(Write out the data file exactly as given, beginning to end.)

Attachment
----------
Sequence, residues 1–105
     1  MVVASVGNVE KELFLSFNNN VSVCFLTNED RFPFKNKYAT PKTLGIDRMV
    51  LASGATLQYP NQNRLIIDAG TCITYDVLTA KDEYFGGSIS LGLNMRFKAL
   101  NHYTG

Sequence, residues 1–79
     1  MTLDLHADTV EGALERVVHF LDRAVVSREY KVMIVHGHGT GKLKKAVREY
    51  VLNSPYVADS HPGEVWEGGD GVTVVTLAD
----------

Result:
Sequence, residues 1–105
     1  MVVASVGNVE KELFLSFNNN VSVCFLTNED RFPFKNKYAT PKTLGIDRMV
    51  LASGATLQYP NQNRLIIDAG TCITYDVLTA KDEYFGGSIS LGLNMRFKAL
   101  NHYTG

Sequence, residues 1–79
     1  MTLDLHADTV EGALERVVHF LDRAVVSREY KVMIVHGHGT GKLKKAVREY
    51  VLNSPYVADS HPGEVWEGGD GVTVVTLAD